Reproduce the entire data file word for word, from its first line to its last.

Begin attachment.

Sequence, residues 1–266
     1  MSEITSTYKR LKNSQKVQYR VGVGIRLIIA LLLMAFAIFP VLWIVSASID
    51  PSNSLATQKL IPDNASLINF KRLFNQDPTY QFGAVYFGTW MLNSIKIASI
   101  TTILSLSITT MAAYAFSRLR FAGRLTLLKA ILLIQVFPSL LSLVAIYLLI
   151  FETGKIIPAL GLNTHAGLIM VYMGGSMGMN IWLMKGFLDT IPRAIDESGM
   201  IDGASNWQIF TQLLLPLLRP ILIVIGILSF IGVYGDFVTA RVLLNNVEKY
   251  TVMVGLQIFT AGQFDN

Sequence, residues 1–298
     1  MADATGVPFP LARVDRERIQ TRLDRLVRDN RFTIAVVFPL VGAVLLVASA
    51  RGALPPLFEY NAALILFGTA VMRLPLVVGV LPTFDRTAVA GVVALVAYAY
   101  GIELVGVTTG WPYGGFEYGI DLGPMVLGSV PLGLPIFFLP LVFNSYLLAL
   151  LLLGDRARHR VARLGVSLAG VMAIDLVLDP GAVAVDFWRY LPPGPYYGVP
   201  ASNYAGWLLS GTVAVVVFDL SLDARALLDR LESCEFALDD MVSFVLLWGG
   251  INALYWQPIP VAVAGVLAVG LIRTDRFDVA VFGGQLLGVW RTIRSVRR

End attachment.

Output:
Sequence, residues 1–266
     1  MSEITSTYKR LKNSQKVQYR VGVGIRLIIA LLLMAFAIFP VLWIVSASID
    51  PSNSLATQKL IPDNASLINF KRLFNQDPTY QFGAVYFGTW MLNSIKIASI
   101  TTILSLSITT MAAYAFSRLR FAGRLTLLKA ILLIQVFPSL LSLVAIYLLI
   151  FETGKIIPAL GLNTHAGLIM VYMGGSMGMN IWLMKGFLDT IPRAIDESGM
   201  IDGASNWQIF TQLLLPLLRP ILIVIGILSF IGVYGDFVTA RVLLNNVEKY
   251  TVMVGLQIFT AGQFDN

Sequence, residues 1–298
     1  MADATGVPFP LARVDRERIQ TRLDRLVRDN RFTIAVVFPL VGAVLLVASA
    51  RGALPPLFEY NAALILFGTA VMRLPLVVGV LPTFDRTAVA GVVALVAYAY
   101  GIELVGVTTG WPYGGFEYGI DLGPMVLGSV PLGLPIFFLP LVFNSYLLAL
   151  LLLGDRARHR VARLGVSLAG VMAIDLVLDP GAVAVDFWRY LPPGPYYGVP
   201  ASNYAGWLLS GTVAVVVFDL SLDARALLDR LESCEFALDD MVSFVLLWGG
   251  INALYWQPIP VAVAGVLAVG LIRTDRFDVA VFGGQLLGVW RTIRSVRR